When it comes to vertical takeoff and landing (VTOL) many aircraft designers have tried to improve capabilities without sacrificing range and efficiency. DARPA has launched a new program to solve these issues and create “an unorthodox unmanned aircraft that would push the limits of technology to combine plane-like speed and helicopter-like agility into one breakthrough vehicle.”
The VTOL Experimental Plane (VTOL X-Plane) program will incorporate two sets of aircraft technologies: fixed-wing and rotary-wing, and will develop new systems for improvements in vertical and cruising flight capabilities.
The agency has now awarded the Phase 2 contract for VTOL X-Plane to Aurora Flight Sciences, taking another step forward in the development of such an aircraft.
“Just when we thought it had all been done before, the Aurora team found room for invention—truly new elements of engineering and technology that show enormous promise for demonstration on actual flight vehicles,” said Ashish Bagai, DARPA program manager. “This is an extremely novel approach,” Bagai said of the selected design. “It will be very challenging to demonstrate, but it has the potential to move the technology needle the farthest and provide some of the greatest spinoff opportunities for other vertical flight and aviation products.”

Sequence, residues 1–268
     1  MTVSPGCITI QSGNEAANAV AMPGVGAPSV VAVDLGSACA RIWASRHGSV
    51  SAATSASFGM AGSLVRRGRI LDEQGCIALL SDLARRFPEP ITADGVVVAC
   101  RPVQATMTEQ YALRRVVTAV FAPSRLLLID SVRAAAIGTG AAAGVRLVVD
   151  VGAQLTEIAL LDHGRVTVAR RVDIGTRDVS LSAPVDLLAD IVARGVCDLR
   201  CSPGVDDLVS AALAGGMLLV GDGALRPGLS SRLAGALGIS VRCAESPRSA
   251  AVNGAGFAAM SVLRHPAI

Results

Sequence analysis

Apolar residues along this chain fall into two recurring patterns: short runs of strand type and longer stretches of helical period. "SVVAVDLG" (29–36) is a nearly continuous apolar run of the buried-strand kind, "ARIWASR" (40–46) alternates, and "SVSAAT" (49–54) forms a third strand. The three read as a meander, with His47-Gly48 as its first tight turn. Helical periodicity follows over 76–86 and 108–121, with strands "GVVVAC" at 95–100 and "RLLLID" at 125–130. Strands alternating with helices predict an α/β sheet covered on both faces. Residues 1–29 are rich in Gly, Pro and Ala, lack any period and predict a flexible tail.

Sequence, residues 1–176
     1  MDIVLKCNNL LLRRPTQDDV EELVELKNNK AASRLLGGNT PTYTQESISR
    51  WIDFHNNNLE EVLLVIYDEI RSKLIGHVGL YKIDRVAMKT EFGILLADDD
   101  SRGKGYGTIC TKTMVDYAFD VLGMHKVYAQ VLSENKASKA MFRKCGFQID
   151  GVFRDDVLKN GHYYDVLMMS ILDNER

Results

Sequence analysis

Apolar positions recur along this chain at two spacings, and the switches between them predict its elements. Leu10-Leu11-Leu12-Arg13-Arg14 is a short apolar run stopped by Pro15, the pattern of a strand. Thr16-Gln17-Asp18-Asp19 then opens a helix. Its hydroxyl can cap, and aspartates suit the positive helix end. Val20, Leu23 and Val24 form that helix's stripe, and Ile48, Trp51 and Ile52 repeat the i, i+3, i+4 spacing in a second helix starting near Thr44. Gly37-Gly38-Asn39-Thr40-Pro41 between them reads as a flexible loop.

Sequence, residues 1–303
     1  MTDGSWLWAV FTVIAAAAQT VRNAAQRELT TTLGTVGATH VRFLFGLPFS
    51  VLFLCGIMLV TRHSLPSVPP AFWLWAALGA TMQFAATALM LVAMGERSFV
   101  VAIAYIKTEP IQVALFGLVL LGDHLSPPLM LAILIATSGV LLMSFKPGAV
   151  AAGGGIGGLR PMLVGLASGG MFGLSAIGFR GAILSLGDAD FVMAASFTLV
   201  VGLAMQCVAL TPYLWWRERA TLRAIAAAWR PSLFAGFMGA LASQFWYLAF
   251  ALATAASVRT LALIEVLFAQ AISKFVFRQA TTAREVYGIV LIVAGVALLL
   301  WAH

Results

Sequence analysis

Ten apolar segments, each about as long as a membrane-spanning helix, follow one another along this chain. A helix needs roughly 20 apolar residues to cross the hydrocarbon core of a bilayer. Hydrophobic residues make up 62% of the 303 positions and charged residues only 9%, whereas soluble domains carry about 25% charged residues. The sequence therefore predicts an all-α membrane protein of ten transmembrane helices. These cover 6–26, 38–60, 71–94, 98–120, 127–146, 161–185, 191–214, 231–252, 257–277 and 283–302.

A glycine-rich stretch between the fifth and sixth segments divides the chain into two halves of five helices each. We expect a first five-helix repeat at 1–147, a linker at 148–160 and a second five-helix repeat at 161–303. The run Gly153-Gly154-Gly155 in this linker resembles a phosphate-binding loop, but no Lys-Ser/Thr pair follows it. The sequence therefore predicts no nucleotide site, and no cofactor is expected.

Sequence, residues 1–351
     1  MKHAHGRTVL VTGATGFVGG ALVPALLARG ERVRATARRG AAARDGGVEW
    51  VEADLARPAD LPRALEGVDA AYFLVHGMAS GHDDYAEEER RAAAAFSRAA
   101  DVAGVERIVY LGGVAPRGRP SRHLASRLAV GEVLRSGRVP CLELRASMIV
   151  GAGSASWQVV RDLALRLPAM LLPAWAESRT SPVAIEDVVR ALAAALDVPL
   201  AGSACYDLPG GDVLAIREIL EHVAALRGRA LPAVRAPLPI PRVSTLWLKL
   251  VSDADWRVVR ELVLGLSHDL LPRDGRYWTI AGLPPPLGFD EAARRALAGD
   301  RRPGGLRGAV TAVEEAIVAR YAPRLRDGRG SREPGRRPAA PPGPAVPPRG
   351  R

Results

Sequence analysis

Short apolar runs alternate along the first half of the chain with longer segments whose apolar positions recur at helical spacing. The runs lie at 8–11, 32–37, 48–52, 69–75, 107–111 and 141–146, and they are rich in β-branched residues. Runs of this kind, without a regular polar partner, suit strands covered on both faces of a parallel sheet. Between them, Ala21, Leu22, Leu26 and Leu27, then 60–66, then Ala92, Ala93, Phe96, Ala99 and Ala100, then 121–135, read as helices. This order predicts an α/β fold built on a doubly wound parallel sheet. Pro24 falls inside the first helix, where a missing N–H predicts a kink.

So, what will a VTOL X-Plane be able to do? According to DARPA, the aircraft would be able to achieve a flight speed of 300 kt to 400 kt, increase aircraft hover efficiency from 60% to at least 75%, and carry a useful load of at least 40% of the vehicle’s projected gross weight of 10,000 to 12,000 pounds.
The vision is an unmanned aircraft with two large rear wings and two smaller front canards—short winglets mounted near the nose of the aircraft, equipped with a turboshaft engine mounted in the fuselage that would provide 3 megawatts (4,000 horsepower) of electrical power (that’s the equivalent of an average commercial wind turbine). The engine would propel 24 ducted fans and the wings and the canards would rotate to direct fan thrust as needed: rearward for forward flight, downward for hovering and at angles during transition between the two.
The plane would fly fast and over long distances, as well as hover and accomplish missions without needing prepared landing areas. The aircraft would initially be demonstrated as an unmanned craft, but the technologies would also allow for it to be manned.
DARPA hopes to get flight tests running by 2018.
“This VTOL X-plane won’t be in volume production in the next few years but is important for the future capabilities it could enable,” said Bagai. “Imagine electric aircraft that are more quiet, fuel-efficient and adaptable and are capable of runway-independent operations. We want to open up whole new design and mission spaces freed from prior constraints, and enable new VTOL aircraft systems and subsystems.”
Story via DARPA.